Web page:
Salgat said they attend home inspections to protect their property and record damage. Dietrich said in police reports that real estate agents and clients failed to show up due to the coronavirus pandemic and social distancing rules.

Olson said Glyndon Police Officer Ryan Schock contacted them hours after the incident about Dietrich pressing charges. She said she was told no charges would be sought after telling police her version of what happened.

Two days later, she was cited for disorderly conduct. Salgat was initially charged with fifth degree assault. The misdemeanor charge was eventually replaced with disorderly conduct.

They later found out that Dietrich had worked for the Fargo Police Department from October 12, 2012 to April 5, 2019.

“The ex-cop thing makes a lot of sense,” Salgat said.

Police determined that Dietrich had a right to be at the property. Officers found “no validity” in Olson’s complaint against Dietrich, so they did not seek formal charges against him, according to a police report.

The report also states that no one else witnessed the altercation.

Moorhead Assistant City Attorney Tara Nagel is representing the State of Minnesota against Olson and Salgat.

When asked what Olson and Salgat had done to substantiate the charges, Moorhead town attorney Cheryl Duysen said she could not speak specifically to the case as litigation is ongoing. .

“The prosecution of criminal offenses by our office does not take into account the professional history of the defendants or the victims of crime,” she told the Forum. “We review the facts underlying the allegation, and if we determine that there is probable cause that a crime occurred, we proceed from there.”

Dietrich told the Forum that police investigated the incident by talking to neighbors and collecting evidence. He called the situation “ridiculous”.

“There was no need to come up with what he did,” he said. “It’s very unfortunate.”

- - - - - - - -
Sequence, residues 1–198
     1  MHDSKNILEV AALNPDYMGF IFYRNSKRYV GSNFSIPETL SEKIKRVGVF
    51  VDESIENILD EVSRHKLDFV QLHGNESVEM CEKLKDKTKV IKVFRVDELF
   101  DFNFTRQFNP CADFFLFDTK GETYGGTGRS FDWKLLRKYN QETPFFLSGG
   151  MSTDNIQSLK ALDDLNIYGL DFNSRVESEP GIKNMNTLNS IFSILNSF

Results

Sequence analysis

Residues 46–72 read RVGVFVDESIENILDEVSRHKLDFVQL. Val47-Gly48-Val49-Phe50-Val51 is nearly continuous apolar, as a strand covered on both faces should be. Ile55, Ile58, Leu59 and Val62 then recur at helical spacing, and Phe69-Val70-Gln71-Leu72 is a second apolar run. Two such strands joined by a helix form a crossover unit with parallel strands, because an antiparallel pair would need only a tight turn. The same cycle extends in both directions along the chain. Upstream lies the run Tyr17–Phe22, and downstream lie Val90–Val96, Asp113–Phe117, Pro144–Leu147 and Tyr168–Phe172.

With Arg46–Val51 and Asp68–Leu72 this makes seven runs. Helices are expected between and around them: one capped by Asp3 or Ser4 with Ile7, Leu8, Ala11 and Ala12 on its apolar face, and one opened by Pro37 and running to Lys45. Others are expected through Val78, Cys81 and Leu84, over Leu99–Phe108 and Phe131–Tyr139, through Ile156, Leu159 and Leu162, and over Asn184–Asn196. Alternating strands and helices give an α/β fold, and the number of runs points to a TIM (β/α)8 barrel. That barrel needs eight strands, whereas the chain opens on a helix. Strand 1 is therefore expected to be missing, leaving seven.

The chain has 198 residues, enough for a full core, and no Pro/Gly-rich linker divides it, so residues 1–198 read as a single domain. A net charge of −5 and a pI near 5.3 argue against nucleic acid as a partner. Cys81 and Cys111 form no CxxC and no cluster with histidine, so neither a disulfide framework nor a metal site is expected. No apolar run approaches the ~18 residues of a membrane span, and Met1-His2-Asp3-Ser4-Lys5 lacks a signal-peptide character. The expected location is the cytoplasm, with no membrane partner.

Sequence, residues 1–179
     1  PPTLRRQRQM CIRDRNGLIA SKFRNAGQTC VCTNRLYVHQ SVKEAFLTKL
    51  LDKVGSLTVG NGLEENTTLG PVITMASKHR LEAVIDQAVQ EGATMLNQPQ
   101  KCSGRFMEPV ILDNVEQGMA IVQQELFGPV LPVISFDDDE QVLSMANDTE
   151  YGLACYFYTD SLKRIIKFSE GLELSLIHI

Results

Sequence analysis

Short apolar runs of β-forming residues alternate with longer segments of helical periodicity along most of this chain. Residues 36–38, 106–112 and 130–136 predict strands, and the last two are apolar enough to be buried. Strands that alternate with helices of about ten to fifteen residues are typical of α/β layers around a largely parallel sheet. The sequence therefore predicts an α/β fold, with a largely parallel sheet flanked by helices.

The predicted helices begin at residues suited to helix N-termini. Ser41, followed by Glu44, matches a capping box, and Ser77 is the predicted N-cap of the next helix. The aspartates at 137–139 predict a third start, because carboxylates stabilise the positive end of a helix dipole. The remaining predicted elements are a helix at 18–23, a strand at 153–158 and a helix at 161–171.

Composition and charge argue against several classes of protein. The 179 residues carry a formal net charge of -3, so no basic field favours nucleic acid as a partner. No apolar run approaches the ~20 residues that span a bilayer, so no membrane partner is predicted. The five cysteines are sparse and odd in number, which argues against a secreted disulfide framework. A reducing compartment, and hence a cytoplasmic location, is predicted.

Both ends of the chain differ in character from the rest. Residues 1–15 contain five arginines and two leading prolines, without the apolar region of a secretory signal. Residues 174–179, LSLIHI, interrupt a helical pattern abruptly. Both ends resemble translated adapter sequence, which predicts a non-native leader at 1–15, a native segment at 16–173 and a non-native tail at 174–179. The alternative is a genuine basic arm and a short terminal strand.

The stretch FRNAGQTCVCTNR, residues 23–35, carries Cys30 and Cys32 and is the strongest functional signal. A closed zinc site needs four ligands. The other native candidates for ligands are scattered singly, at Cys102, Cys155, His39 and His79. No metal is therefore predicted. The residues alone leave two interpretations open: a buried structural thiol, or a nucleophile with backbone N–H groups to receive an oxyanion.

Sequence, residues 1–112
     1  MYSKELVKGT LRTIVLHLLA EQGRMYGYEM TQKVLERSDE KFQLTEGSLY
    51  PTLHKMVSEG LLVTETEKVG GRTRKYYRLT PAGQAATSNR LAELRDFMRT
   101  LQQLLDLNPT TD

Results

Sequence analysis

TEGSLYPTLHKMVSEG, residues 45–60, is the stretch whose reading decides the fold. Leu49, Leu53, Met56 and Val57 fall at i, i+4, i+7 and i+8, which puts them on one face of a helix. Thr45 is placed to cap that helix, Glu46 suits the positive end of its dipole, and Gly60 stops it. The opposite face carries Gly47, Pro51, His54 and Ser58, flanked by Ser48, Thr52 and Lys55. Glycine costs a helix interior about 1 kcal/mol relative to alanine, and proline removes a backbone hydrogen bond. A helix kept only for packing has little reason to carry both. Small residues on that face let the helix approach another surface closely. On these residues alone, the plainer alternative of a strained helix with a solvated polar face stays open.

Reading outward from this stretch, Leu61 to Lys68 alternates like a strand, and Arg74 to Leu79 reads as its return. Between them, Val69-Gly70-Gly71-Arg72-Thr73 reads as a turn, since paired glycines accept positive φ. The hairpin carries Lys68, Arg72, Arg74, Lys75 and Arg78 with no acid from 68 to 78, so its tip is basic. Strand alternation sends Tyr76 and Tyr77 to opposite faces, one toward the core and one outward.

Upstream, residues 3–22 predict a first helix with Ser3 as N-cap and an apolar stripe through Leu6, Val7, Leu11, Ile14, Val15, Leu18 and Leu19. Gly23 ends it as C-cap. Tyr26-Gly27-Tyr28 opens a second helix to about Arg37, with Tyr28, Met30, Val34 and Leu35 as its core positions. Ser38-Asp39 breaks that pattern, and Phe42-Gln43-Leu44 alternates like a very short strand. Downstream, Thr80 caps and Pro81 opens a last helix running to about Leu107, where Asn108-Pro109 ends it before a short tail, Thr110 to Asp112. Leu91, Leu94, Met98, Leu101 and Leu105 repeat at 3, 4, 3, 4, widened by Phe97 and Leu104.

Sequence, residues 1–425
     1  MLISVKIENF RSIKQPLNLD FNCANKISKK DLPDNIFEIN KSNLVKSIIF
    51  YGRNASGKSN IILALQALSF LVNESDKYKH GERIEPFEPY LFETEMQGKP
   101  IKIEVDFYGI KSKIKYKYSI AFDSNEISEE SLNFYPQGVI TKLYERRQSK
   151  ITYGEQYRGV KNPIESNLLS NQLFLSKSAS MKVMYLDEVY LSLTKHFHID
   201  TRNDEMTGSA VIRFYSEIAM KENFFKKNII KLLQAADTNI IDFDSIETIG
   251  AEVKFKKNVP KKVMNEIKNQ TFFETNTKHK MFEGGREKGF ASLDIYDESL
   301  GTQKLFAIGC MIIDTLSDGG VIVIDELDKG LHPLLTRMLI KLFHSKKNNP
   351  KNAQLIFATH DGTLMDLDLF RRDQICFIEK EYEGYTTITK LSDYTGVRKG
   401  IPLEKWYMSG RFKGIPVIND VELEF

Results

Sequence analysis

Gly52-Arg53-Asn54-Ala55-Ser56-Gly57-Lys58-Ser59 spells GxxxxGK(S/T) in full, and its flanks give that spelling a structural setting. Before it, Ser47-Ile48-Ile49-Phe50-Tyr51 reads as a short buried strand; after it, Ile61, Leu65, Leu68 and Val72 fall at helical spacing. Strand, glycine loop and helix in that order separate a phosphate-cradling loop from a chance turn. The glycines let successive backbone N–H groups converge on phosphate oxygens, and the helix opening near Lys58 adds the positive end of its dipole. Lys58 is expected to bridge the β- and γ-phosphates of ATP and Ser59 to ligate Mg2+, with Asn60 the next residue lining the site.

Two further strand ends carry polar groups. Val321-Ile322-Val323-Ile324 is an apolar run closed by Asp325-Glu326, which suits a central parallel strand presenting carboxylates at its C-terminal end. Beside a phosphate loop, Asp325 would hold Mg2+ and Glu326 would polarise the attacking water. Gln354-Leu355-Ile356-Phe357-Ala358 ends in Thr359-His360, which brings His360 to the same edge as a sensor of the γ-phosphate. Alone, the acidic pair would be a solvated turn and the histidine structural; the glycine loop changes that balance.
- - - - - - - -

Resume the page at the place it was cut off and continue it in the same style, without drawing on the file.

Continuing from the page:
Dietrich said he was just doing his job, not intruding.

“I was providing a service and I had permission to be there,” he said.

Cline, who retired shortly after the incident, said he remembered few details about the case. He said he had never met Dietrich before the inspector reported the incident, and the former chief did not know Dietrich was an officer before the charges were filed.

Olson said she felt accused because she didn’t let Dietrich finish her job. Salgat said he believed Dietrich went to the police because the real estate brokers said they would report the incident to the police.

Salgat and Olson argue that free speech protected what they said to the property because Dietrich would have been an intrusion. Both asked the court to dismiss the charges, saying the state had no evidence against them.

The two are now representing themselves after firing two lawyers. A lawyer told them that if they paid a fine and took anger management classes, the charges would be thrown out after a while, Olson said.

“It’s not going to happen,” Salgat said. “I am an innocent man who was victimized on my own property, and no one seems to care.”

Salgat and Olson filed motions to suppress evidence, saying officers came to the property and took photos without a warrant. They asked for the dismissal.

Salgat also claims his due process rights were violated when Judge Jade Rosenfeldt granted a request by Nagel to continue the trial in June because prosecutors were unwilling to proceed despite defense requests. go ahead with the lawsuit.

Prosecutors argued in court papers that the defense did not demand a speedy trial.

Kristan F. Talley